filter (), are executed without saving the state, and we do not have to store any data concerning their processing. However, in practice, most operations are performed with preservation of the state (eg
count ()), So you naturally need to store the state that has developed to the present moment.
The problem with maintaining the state of the stream processors is that these processors sometimes fail! Where should this state be stored to ensure fault tolerance?
A simplified approach is to simply store all state in a remote database and connect to this repository over the network. The problem is that then the locality of the data is lost, and the data itself is repeatedly redirected over the network - both factors significantly inhibit your application. A more subtle but important problem is that the activity of your thread processing job will depend severely on the remote database - that is, this task will not be self-sufficient (all your processing can fail if another team makes any changes to the database) .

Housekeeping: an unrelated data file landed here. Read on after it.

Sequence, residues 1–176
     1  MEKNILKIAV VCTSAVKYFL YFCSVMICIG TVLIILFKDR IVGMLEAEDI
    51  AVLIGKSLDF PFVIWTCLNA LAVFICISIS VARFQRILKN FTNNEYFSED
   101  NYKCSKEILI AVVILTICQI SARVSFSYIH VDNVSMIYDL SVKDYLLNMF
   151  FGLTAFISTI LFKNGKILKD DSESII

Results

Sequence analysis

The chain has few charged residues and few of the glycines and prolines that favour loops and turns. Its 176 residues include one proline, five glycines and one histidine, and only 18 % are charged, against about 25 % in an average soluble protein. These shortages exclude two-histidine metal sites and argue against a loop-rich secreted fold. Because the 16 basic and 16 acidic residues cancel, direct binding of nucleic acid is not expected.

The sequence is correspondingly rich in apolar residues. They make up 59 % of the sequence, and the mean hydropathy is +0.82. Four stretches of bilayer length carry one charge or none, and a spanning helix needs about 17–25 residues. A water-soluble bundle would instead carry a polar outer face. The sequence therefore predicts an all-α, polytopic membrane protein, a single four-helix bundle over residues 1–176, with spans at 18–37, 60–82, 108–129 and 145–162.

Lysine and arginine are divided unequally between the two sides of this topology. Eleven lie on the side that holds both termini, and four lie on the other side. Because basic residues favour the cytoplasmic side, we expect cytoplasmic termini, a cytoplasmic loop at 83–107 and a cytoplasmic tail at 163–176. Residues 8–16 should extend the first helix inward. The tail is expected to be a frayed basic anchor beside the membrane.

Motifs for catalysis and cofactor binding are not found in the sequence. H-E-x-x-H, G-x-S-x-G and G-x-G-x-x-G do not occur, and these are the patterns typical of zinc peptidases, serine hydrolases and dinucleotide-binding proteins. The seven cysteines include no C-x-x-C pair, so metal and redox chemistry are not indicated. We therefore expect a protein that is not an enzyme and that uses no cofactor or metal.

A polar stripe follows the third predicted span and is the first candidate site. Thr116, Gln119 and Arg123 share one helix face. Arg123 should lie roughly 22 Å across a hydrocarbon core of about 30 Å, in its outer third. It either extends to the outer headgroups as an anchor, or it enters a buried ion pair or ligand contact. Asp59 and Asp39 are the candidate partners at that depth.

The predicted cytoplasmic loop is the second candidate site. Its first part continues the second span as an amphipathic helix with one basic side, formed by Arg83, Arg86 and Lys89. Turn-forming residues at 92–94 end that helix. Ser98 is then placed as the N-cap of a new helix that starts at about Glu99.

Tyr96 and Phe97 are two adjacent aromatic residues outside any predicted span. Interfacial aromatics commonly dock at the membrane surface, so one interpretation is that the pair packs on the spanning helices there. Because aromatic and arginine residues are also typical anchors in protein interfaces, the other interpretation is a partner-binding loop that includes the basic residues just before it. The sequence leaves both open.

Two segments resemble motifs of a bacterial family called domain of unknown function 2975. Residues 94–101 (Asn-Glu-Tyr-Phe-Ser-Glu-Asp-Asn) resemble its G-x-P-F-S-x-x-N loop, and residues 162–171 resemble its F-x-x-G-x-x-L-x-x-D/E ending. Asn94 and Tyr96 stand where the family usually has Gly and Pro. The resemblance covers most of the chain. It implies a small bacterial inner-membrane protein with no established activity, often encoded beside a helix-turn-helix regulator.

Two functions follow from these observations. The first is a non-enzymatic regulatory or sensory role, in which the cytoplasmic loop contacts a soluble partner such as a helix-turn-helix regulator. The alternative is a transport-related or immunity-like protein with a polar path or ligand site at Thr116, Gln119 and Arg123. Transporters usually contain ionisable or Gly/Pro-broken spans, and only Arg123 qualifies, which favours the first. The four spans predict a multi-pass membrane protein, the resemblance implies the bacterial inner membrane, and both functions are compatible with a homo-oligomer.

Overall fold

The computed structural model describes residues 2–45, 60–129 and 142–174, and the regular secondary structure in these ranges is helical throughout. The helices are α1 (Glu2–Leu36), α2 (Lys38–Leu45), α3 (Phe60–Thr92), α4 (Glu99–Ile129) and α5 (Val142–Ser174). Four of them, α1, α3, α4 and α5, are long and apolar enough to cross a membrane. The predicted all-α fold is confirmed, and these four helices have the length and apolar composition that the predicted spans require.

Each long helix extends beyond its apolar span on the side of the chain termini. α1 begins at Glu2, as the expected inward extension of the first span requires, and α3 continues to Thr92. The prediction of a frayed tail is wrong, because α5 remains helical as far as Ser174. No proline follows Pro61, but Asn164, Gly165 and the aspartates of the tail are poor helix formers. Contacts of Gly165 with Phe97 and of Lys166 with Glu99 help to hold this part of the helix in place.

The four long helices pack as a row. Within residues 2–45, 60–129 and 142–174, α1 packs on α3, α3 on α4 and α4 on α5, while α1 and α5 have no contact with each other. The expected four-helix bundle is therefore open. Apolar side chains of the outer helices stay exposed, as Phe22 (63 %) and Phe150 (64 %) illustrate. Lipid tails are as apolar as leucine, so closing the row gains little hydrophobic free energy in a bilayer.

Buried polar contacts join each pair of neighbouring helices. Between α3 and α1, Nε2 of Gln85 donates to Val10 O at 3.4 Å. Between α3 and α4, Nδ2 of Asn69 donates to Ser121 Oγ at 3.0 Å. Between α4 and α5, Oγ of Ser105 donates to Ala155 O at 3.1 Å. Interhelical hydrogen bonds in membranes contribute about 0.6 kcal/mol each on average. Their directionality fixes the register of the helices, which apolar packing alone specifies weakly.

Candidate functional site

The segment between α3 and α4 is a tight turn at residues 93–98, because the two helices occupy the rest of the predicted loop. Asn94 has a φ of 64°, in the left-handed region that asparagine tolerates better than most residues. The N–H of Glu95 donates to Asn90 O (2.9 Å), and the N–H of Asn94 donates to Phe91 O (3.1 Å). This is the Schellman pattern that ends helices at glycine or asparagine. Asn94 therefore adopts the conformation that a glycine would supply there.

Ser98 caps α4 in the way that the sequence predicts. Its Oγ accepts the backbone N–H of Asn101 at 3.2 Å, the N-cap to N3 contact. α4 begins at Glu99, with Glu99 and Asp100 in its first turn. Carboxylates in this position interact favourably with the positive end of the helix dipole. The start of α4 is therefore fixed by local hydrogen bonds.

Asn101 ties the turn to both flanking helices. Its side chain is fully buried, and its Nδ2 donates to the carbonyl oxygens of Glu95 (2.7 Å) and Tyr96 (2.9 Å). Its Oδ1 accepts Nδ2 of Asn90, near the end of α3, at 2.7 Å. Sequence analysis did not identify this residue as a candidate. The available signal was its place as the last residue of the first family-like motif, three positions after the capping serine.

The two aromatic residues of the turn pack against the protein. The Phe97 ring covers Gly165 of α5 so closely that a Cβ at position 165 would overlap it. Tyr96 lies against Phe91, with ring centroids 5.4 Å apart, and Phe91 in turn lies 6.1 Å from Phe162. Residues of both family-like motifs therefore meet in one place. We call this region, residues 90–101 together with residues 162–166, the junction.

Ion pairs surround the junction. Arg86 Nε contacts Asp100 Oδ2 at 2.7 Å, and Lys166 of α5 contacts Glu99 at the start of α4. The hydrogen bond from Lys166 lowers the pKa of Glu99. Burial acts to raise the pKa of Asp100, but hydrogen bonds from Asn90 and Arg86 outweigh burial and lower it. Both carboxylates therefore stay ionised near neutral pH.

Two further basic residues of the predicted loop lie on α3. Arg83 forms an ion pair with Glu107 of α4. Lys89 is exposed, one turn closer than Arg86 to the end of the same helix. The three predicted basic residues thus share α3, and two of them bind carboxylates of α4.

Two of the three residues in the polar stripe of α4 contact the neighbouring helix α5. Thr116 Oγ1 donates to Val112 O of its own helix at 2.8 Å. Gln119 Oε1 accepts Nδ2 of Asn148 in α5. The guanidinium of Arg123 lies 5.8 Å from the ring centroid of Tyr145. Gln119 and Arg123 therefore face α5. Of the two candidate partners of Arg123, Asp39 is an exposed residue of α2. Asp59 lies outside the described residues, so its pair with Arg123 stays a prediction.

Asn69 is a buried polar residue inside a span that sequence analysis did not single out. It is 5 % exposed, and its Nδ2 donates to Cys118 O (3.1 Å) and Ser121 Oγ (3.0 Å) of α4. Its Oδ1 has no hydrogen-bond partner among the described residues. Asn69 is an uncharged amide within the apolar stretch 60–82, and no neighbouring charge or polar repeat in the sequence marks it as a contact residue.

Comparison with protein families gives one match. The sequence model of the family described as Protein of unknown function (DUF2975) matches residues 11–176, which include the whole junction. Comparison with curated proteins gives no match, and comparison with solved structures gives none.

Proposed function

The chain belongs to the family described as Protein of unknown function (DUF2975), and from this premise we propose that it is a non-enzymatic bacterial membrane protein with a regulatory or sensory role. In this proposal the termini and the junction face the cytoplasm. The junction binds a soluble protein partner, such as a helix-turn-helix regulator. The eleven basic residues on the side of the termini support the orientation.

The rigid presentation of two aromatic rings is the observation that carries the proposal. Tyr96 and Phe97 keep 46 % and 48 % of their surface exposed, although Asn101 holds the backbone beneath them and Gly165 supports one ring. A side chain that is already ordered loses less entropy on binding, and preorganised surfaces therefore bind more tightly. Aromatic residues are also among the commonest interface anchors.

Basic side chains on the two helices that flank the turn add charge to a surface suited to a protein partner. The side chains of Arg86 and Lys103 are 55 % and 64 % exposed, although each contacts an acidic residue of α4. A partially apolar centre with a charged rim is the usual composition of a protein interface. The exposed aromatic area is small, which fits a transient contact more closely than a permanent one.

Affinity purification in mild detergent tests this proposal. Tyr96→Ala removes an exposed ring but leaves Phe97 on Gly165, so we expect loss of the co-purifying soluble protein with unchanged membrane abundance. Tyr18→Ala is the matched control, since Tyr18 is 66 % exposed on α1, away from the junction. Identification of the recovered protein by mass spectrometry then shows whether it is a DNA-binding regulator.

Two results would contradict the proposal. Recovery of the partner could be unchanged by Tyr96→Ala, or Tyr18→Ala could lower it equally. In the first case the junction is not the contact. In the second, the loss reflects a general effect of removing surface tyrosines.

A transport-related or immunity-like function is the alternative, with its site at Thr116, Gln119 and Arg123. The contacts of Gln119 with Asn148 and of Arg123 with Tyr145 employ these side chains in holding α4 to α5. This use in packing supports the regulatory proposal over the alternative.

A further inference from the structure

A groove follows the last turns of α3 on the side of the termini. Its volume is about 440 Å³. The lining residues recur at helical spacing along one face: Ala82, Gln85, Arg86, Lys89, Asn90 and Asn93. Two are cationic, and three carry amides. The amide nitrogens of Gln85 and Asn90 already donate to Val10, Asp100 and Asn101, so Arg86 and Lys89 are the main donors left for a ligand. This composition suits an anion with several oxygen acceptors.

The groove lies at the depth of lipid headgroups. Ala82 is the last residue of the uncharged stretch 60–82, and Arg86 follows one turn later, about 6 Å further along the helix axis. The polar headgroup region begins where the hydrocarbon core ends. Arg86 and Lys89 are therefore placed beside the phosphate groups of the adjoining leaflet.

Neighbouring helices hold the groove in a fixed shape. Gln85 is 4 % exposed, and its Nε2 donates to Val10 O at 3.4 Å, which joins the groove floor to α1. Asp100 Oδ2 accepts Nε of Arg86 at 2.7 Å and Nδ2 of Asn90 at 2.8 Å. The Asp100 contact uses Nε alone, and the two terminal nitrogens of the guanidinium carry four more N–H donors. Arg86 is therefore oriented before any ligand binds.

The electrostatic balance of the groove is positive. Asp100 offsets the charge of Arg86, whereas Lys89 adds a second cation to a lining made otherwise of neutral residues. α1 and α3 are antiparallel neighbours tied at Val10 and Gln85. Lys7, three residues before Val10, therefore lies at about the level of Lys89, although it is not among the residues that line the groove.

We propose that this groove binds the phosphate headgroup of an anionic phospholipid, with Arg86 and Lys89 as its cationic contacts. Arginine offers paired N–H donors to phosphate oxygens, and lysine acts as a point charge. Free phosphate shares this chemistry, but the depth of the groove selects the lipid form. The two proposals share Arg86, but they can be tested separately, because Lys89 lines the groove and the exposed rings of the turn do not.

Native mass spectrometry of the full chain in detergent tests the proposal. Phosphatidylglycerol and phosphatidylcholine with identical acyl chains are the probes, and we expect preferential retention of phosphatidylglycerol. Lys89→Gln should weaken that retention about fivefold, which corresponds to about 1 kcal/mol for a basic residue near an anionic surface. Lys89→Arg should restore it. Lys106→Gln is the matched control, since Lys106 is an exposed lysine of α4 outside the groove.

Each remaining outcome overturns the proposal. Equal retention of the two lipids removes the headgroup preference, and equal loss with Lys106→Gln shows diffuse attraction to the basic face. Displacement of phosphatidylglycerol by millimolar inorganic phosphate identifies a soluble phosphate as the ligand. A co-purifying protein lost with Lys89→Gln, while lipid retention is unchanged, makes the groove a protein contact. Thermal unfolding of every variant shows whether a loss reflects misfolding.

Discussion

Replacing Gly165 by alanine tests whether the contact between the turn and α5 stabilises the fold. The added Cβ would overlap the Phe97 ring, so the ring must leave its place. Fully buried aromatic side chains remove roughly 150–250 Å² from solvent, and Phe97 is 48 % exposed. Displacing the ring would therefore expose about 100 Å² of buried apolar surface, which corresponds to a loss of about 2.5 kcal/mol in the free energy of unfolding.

So, which approach is better?
Again, we recall the dualism of tables and flows. It is thanks to this property that streams can be converted to tables located exactly where processing takes place. Also, we get a mechanism providing fault tolerance - we store the flows on the Kafka broker.
A thread processor can save its state in a local table (for example, in RocksDB), which will update the input stream (possibly after some arbitrary transformations). If this process fails, we will be able to restore the corresponding data by repeatedly reproducing the stream.
You can even get the remote database to generate a stream and, in fact, broadcast the change log, based on which you will rebuild the table on the local machine.
Stateful processing, KStream connection with KTable
Typically, the code for processing threads must be written in one of the languages for the JVM, since it is the only official client of the Kafka Streams API that works with it.